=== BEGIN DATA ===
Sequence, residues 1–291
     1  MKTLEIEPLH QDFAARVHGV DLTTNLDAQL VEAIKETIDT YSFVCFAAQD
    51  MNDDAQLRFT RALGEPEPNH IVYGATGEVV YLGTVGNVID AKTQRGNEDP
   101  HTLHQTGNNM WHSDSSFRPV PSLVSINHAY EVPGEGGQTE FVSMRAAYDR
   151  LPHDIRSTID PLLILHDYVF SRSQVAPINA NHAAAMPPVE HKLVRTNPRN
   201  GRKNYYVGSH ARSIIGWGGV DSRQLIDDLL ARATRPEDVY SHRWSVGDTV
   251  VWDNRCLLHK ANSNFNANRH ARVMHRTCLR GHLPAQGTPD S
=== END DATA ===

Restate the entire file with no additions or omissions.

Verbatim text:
Sequence, residues 1–291
     1  MKTLEIEPLH QDFAARVHGV DLTTNLDAQL VEAIKETIDT YSFVCFAAQD
    51  MNDDAQLRFT RALGEPEPNH IVYGATGEVV YLGTVGNVID AKTQRGNEDP
   101  HTLHQTGNNM WHSDSSFRPV PSLVSINHAY EVPGEGGQTE FVSMRAAYDR
   151  LPHDIRSTID PLLILHDYVF SRSQVAPINA NHAAAMPPVE HKLVRTNPRN
   201  GRKNYYVGSH ARSIIGWGGV DSRQLIDDLL ARATRPEDVY SHRWSVGDTV
   251  VWDNRCLLHK ANSNFNANRH ARVMHRTCLR GHLPAQGTPD S